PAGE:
The Highland Council has launched a public consultation to ask people's views on where and how they would like to see free period products made available in the Highland area. In 2021, Scotland became the first country to pass a law to make period products freely available and reasonably easily accessible to anyone who needs them.
At the Highland Council meeting held on, 30 June 2022, elected Members agreed to progress the submission of two separate bids for round two of the UK Levelling Up Fund, these include the North Coast 500 (Transport Bid) and Portree Harbour (standalone Heritage bid). Economy and Infrastructure Committee Chair, Cllr Ken Gowans said: "The Levelling Up Fund offers Highland an opportunity to bid for funds that will make a transformational impact across our communities.
Members of full Council, who met yesterday - Thursday, 30 June – were presented with a report on the UK Government's Shared Prosperity Fund and provided with an update on the process currently underway to develop a Highland Investment Plan which will determine how the funding may be used locally. A financial allocation of £9,445,515 has been awarded to Highland Council over a three-year period, which runs from 1 April 2022 to 31 March 2025.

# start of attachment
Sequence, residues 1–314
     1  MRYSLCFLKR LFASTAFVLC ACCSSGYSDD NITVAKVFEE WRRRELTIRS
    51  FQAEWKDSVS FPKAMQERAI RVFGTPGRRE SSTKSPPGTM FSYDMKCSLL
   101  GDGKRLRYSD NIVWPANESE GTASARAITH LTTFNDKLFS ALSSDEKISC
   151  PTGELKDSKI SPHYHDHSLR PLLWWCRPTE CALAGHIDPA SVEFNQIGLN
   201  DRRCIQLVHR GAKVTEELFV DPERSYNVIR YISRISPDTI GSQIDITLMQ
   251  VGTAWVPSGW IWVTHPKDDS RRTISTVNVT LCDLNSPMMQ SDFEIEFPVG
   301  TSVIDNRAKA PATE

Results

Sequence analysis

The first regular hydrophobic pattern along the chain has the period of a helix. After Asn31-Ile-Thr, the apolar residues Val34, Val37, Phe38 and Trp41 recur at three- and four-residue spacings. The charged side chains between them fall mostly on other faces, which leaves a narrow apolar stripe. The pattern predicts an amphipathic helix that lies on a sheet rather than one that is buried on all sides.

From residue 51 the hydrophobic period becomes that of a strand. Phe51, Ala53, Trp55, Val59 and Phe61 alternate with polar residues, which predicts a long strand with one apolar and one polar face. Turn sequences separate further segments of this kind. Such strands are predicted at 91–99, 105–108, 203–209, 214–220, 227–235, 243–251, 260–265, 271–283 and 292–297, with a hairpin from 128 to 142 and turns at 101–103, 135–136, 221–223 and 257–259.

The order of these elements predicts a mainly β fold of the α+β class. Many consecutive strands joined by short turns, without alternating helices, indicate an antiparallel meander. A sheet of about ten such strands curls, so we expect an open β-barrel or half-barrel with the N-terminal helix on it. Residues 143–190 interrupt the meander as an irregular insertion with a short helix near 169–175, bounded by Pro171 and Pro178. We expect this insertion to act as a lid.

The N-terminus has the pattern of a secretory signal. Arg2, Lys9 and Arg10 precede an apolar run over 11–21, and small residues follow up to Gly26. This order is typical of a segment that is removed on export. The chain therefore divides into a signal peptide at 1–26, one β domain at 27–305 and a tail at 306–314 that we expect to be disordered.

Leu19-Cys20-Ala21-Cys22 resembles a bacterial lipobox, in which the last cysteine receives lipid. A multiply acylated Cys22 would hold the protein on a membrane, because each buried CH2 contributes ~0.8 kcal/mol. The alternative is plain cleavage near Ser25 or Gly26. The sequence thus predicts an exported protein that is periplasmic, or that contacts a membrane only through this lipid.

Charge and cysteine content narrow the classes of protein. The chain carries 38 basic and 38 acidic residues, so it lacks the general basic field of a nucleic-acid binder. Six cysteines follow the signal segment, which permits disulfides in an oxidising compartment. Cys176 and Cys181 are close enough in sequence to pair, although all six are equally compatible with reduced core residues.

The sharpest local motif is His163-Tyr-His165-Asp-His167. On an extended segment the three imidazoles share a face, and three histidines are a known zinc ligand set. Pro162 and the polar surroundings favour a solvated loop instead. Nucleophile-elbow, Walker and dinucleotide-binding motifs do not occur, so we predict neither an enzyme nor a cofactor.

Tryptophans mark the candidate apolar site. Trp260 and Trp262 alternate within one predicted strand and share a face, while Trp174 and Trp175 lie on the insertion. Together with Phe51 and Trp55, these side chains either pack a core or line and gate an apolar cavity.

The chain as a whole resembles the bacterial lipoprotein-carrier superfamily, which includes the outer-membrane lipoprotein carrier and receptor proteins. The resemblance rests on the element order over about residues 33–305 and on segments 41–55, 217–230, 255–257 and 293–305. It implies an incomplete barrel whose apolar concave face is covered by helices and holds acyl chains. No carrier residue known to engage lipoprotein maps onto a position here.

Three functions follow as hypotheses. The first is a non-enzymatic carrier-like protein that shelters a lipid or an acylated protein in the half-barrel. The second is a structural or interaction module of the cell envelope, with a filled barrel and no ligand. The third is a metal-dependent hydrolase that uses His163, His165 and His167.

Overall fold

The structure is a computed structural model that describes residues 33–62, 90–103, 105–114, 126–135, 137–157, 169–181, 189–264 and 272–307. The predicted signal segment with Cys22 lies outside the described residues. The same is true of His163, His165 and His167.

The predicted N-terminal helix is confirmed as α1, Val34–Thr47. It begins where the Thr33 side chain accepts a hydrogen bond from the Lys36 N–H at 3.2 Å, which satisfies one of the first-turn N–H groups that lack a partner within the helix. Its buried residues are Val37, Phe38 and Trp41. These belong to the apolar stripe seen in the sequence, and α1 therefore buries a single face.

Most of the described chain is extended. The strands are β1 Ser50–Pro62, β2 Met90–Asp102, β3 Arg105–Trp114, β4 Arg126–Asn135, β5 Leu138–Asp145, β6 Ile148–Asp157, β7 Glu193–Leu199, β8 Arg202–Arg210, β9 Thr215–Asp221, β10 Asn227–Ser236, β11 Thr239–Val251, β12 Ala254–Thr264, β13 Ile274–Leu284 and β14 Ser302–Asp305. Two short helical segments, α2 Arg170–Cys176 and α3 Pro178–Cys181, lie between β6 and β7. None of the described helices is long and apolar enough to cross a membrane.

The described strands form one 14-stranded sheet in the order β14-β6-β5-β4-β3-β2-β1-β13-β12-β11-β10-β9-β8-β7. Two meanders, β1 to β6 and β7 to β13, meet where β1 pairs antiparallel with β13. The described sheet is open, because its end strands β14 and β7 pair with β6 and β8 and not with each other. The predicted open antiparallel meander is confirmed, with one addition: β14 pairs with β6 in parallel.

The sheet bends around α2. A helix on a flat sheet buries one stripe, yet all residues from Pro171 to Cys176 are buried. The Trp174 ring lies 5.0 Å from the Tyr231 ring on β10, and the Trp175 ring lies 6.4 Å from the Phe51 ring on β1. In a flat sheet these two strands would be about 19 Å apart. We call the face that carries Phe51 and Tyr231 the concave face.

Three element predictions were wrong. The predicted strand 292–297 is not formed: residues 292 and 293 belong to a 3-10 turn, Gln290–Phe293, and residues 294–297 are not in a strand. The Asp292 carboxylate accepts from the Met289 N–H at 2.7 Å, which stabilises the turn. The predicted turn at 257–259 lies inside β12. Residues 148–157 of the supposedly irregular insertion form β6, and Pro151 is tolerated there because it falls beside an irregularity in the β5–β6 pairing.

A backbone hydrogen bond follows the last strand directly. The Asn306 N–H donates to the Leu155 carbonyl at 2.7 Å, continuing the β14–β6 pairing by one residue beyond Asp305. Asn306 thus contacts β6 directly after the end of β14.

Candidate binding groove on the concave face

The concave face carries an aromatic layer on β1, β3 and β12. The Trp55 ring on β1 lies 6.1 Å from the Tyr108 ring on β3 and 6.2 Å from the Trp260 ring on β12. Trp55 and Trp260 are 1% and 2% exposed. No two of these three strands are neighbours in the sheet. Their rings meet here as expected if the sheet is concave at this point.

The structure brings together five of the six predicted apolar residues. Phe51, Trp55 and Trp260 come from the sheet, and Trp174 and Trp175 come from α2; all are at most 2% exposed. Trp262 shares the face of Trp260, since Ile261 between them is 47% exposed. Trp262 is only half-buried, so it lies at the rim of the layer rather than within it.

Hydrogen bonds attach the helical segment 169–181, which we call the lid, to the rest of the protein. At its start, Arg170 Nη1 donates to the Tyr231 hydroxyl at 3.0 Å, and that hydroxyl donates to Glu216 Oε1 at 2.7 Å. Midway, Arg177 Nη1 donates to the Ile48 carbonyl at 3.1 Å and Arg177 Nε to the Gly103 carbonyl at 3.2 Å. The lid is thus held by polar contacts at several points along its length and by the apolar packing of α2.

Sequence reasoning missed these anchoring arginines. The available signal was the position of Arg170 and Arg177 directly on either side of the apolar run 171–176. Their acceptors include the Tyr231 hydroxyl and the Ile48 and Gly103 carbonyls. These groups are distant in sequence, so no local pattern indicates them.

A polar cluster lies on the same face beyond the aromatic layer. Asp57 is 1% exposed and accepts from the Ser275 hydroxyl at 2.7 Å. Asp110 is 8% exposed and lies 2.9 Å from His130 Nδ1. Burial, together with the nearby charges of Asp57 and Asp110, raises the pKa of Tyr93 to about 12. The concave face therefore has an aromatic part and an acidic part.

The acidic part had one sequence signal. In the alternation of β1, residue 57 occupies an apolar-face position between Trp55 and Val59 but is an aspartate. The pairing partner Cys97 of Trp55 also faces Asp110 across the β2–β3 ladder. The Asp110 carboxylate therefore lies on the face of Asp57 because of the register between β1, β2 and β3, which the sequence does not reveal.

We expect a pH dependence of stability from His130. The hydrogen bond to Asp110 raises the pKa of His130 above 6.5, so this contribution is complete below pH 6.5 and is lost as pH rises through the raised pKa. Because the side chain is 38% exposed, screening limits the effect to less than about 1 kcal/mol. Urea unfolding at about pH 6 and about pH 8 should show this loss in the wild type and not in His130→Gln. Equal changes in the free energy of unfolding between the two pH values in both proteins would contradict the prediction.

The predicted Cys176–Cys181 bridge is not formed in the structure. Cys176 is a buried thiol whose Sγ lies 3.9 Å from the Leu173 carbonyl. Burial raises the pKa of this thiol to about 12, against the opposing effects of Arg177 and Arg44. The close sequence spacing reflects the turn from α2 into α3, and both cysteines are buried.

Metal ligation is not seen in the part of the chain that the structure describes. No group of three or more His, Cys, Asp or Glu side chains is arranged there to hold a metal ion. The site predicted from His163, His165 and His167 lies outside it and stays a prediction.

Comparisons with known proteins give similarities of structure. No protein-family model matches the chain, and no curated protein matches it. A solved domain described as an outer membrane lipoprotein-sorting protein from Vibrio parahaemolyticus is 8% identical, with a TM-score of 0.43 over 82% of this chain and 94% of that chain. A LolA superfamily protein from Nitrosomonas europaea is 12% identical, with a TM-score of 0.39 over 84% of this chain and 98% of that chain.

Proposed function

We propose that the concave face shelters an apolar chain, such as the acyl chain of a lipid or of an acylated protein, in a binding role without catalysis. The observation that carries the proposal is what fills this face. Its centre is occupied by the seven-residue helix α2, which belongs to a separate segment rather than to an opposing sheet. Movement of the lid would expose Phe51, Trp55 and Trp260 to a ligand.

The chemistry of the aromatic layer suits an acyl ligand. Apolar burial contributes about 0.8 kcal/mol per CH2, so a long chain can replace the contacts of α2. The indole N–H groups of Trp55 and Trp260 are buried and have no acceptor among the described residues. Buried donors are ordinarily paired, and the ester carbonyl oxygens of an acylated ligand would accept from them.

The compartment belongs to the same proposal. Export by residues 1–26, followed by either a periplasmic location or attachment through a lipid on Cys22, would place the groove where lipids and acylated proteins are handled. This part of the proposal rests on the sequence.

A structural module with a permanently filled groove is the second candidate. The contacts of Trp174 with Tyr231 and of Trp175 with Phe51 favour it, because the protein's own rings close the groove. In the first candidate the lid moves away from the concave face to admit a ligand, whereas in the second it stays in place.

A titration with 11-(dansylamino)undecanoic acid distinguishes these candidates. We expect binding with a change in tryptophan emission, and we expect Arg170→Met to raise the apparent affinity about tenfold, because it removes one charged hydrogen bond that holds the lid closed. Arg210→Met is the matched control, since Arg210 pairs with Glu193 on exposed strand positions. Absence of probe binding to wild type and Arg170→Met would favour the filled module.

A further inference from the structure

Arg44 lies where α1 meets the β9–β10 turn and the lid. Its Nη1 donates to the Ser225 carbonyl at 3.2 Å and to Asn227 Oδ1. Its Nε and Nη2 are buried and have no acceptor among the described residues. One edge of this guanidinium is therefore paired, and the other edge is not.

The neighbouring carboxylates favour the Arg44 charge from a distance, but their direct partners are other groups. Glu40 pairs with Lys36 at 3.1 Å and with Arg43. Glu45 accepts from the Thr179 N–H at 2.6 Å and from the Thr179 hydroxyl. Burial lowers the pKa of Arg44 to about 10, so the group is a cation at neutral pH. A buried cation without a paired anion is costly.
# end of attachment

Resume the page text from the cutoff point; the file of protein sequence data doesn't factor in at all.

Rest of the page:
At the Highland Council meeting held yesterday, 30 June 2022, elected Members approved a package of support totalling £3.639m for low-income households and economic growth. The approved package consists of: £0.591m - one-off grants of £125 each will be paid automatically for around 4,700 vulnerable children and young people in Primary 1 to 6th year who received school clothing grants as at 31 May 2022.
A report outlining the key points within The Highland Council's annual accounts for the year to 31st March 2022 was presented to full Council today (30 June 2022), ahead of their submission for full audit. The report shows that the Council continued to demonstrate strong financial management during financial year 2021/22, with an overall surplus of £9m recorded against the revenue budget for the general fund.
Councillor Ron Gunn, who represents the Thurso and Northwest Sutherland Ward of The Highland Council, has been appointed as Chair of the new Caithness Committee which met for the first time (Friday 1 July 2022). After taking the Chair, Cllr Gunn thanked Members for their support and then called for nominations to the roles of Vice Chairs and Civic Leaders for Thurso and Wick.
A pioneering bid for Green Freeport status by the Opportunity Cromarty Firth (OCF) consortium today received seismic boost after Members of Highland Council homologated the local authority's cross-chamber support. Members agreed their continued support for the OCF project and Green Freeport bid and acknowledged the potential benefits to the Highland region.